Philanthropy's Patient Capital

October 23, 2009

Often times, philanthropy requires patience. We can research an issue, develop a policy framework, plan an education and awareness strategy, activate our advocates, and build our coalition of partners. It can take years to build a credible presence in a certain subject area, but it isn’t always easy to move an issue to the front burner. 

Then, the governor of your state is arrested and removed from office, and suddenly the public is looking for guidance and information on campaign finance reform.
At Joyce, we have spent many years supporting honest and fair government practices throughout the Great Lakes region. Openness and accountability in our elected officials is key to our democracy. These issues – and the experts who work on them – are well-known to us. So, when a political scandal broke as it did in Illinois, our grantees were prepared to offer concrete solutions to correct unfair practices in the state capital.
What began as a direct response to an alleged act of political corruption has grown into a grassroots movement to alter age-old practices in the statehouse. An initial small group of concerned citizens subsequently recruited a large coalition of business and public interest leaders. They have been traveling the state to push for campaign finance reform measures.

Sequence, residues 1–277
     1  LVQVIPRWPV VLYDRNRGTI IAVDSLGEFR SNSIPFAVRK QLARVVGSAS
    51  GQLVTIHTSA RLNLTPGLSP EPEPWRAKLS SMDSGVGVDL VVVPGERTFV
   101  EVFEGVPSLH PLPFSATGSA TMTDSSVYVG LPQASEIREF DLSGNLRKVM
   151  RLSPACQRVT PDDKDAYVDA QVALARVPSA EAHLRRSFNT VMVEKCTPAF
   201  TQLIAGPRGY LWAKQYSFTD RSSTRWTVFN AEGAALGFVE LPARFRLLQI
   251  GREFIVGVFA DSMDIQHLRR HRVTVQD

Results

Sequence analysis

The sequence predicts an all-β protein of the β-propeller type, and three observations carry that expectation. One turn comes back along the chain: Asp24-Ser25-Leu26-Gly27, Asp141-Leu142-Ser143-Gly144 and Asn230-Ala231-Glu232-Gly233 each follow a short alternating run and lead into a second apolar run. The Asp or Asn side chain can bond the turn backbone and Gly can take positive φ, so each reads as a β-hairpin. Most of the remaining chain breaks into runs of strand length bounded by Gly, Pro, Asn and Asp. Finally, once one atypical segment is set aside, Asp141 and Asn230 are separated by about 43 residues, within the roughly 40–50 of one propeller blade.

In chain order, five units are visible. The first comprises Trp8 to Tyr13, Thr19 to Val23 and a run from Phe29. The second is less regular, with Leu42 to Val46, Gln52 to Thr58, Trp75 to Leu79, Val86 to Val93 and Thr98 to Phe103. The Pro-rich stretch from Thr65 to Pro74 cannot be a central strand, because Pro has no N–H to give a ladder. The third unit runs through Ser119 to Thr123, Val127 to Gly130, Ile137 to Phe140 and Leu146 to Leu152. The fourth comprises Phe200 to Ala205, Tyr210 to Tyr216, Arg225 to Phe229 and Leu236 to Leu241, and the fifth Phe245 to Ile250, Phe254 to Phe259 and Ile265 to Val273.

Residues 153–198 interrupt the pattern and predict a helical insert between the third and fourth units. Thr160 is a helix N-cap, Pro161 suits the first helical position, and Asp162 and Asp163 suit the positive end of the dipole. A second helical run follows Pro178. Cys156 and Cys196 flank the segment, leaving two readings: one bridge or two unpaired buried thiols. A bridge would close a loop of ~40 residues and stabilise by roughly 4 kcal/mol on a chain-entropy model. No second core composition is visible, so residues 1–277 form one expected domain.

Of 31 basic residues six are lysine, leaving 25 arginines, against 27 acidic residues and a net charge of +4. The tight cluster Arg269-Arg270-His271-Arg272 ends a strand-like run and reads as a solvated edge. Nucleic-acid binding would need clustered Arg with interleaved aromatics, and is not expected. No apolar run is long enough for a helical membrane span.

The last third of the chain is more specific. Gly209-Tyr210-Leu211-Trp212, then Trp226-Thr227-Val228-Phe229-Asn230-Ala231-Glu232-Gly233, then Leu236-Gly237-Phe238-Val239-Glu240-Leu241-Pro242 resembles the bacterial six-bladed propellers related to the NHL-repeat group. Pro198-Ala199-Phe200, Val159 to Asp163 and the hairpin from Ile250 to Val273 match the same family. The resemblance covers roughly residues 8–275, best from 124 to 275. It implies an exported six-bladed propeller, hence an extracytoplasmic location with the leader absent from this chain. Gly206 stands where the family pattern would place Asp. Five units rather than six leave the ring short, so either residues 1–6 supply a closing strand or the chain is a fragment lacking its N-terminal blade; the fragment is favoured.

Philanthropy’s long term investments – our patient capital – may take time to bear fruit, but the returns can be an exciting and meaningful contribution to a public policy debate.
Thursday's post: Improving Census Data.
Wednesday's post: The Problem of Youth Violence.
Tuesday's post: Designing Efforts and Charting Courses of Action.
Monday's post: Reasons for Optimism.

Blog Topics

Ellen S. Alberding


Oct 05

Rip Rapson
President and CEO
The Kresge Foundation